In that way, I think marketing to different genre shelves definitely helps authors, but it also helps readers expand their horizons and find titles that they might have overlooked. It’s the equivalent of me wandering through the library grabbing whatever’s interesting. If I hadn’t picked up Gil’s All Fright Diner by A. Lee Martinez, I may have just thought it was some goofy title playing on the horror genre and not the really clever book and well-written story it is. If I’d walked past This is Gonna Hurt by Nikki Sixx, I’d have assumed it was yet another rock star bio and not a really incredible photography book combined with musings about living a creative life and not judging people (plus I’d have missed out on a book that probably changed my creative life). It all goes back to not judging a book by the cover, and if the various genre filing does that for a reader, then I’m all for it!

JanelMoonerWhat reboots (or retellings) of classics have you enjoyed? Are there ones that haven’t worked for you?

I’m really (really, really, really) into fairy tales and folklore of all types, as well as myths from all areas of the world, so I can definitely get behind a well-written retelling or a story that uses the characters, settings, or arcs to make them new. The Tenth Kingdom miniseries came at a time when I was starting my twenties and had gotten away from a lot of genre fiction because I was a freshman in college and studying theatre. Although I’d been brought up with various versions of fairy tales, it seemed that only the Disney versions made it into popular culture, so to see something closer to the Grimm versions used in such unique ways blew my mind. I loved the way the story incorporated the “real” world and original characters, and utilized a lot of themes as well as just having the fairy tale characters show up. Diane Wiest is so amazing in that, as is Ed O’Neil. The humor is fantastic, and I love that it doesn’t shy away from slightly bawdy themes and some really dark territory. I really don’t think Olde School would have gotten written if it hadn’t been for that influence – it made me think years later of what was possible and just go for broke, giving me permission to do my own slant on old themes.

As a kid, I also grew up with Jim Henson’s The Storyteller. Those episodes were just mind-boggling and seemed so real. I was mesmerized…and terrified. A local library happened to have the novelization of those stories, and I checked it out so often that I’ve probably still got some of them memorized. I always found it a shame that his fantasy work always gained more of a cult following, because things like that series are exquisite – just perfection, and really show what you can do with puppets, great acting, and fantastic stories.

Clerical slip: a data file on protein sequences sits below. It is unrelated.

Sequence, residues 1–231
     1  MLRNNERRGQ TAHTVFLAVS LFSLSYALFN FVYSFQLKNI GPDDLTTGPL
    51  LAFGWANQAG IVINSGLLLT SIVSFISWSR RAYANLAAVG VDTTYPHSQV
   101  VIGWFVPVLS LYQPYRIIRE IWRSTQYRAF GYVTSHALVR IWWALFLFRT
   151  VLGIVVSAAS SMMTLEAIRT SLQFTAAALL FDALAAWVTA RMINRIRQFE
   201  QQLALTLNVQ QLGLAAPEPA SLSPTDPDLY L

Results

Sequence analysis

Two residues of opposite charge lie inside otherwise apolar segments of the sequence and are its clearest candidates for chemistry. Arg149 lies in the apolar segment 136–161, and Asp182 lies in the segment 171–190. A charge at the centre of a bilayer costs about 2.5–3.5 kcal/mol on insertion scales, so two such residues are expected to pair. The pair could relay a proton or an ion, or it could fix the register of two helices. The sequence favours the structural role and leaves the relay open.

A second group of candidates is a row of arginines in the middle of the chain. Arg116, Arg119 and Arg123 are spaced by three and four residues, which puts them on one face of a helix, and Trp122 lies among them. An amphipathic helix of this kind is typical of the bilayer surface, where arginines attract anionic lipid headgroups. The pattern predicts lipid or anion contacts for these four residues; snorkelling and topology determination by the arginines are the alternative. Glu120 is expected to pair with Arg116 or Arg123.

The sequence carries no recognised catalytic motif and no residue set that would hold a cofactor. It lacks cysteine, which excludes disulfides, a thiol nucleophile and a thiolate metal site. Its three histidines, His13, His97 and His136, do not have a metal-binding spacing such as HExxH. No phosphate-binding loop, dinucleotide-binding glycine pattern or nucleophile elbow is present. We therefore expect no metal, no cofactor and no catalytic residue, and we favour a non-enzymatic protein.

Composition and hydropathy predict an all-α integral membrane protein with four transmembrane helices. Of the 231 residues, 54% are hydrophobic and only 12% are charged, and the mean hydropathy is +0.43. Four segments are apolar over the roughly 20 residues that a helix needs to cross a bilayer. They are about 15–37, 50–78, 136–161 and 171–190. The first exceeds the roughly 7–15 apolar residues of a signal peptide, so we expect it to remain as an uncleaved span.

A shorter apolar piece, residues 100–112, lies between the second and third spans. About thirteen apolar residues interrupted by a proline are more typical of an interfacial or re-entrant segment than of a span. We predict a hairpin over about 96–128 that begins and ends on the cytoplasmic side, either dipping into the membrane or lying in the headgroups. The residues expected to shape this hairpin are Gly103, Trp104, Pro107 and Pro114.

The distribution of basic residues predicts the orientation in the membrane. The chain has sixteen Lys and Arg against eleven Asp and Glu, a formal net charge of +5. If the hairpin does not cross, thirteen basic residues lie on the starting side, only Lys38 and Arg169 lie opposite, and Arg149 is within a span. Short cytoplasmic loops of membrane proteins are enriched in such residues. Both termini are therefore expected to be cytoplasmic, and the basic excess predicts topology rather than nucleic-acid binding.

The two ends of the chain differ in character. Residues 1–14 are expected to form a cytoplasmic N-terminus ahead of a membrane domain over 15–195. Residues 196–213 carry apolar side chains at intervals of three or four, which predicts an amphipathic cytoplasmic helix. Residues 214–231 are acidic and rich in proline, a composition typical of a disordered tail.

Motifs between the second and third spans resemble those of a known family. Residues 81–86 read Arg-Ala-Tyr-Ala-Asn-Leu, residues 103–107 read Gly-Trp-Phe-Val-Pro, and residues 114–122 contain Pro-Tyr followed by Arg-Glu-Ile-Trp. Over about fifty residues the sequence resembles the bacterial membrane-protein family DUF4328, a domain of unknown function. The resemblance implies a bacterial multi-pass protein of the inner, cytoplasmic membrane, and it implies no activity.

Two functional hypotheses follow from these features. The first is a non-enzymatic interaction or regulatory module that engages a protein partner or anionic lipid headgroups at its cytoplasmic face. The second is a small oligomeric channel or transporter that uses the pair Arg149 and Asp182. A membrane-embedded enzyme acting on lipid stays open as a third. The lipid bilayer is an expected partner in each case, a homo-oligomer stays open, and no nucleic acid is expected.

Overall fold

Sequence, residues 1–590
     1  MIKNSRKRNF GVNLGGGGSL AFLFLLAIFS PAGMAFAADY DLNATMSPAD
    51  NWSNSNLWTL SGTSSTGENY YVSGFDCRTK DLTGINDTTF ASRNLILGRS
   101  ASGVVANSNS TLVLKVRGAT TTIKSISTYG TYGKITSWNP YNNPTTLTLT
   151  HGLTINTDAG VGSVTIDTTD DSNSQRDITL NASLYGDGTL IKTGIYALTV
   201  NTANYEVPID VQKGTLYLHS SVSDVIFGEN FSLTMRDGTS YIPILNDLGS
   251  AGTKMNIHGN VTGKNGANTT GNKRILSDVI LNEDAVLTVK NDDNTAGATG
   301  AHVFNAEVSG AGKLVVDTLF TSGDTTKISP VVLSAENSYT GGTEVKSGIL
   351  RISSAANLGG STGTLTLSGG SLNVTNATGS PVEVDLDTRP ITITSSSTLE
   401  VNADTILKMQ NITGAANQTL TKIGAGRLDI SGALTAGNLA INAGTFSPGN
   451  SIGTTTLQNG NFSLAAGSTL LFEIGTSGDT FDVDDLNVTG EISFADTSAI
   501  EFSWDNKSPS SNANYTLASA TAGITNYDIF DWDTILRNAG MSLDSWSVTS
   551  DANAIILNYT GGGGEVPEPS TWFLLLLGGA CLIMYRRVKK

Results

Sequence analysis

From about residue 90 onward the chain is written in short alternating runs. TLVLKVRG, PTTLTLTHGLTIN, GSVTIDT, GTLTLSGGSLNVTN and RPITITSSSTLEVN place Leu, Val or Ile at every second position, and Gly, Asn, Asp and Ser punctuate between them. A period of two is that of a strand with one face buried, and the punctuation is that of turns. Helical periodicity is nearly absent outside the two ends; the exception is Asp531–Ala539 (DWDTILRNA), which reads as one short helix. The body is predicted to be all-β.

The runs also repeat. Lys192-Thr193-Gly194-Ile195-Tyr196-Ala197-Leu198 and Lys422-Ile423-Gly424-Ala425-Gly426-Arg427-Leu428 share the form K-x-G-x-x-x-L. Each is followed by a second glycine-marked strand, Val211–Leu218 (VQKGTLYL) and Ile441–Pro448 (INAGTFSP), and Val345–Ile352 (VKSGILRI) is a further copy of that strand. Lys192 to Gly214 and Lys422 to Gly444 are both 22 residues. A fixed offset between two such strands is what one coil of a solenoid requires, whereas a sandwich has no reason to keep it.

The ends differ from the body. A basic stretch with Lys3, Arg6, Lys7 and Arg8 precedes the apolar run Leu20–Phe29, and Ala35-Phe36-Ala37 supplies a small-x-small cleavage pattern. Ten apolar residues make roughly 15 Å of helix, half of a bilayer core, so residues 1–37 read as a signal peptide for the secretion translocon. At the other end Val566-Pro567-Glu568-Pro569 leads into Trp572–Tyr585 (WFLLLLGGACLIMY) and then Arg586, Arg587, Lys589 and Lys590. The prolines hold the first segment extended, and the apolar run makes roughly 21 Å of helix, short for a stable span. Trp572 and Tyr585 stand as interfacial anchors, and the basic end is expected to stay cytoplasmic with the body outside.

A few years ago I stumbled upon My Father He Killed Me, My Mother She Ate Me, which is an anthology of fairy tale retellings. Like any anthology, I gravitated to some stories more than others, but The Color Master by Aimee Bender…to this day I am in awe and incredibly jealous of this story. I love any version of Allerleirauh I can find, and to have it told from the perspective of a craftsperson really spoke to me since I sew and design costumes in my daily life. The emotion in the tale brought me to my knees, and the descriptions of making the three dresses really spoke to me. It was such an unusual take on the story and it’s done so well.

Obviously I’m really into Sandman – that series never ceases to make me feel on a visceral level and give me something to think about. American Gods, too – that’s one of the few books where I really didn’t see a lot of the reveals coming. You can really tell that Neil Gaiman knows what he’s talking about. He doesn’t necessarily cram anything down a reader’s throat but uses the revamped characters and themes in some subtle ways. I still catch things when I go back and reread both titles.

As far as ones that haven’t worked for me…I honestly don’t get into movie revamps that purposefully take fairy tales and make them “dark.” This doesn’t make sense at all to me…they’re already dark, it’s just that we’ve sanitized them so much in the twentieth and twenty-first centuries. Just go back and tell older versions of the story and tell them well! You don’t need to work so hard throwing in twenty action sequences and over the top love triangles and things that just don’t fit. I get the fixation, I get wanting to modernize things, but I can’t help but think that there are better ways. I really wish that instead of taking the same five or ten stories and continually showing the “true” version or cramming them into some new subgenre, people would take a look at a lot of the international versions of the stories and work with them. I mean there are over three hundred known Cinderella stories and we regularly use maybe three. That’s a shame, especially when some of them have some great elements like the heroine leaving home to find her own way or man–eating trolls.

JanelInTheRedWhat is your favorite fictional holiday (from books, movies, or tv)?

Speaking of Jim Henson…and probably showing more of my inner workings than is healthy….Refrigerator Day, from the TV series Dinosaurs. I would totally be all about celebrating the glory of the fridge.

JanelHollyAndIvyIf you could sit down and have tea (or a beer) with 5 fictional characters, who would you invite to the table?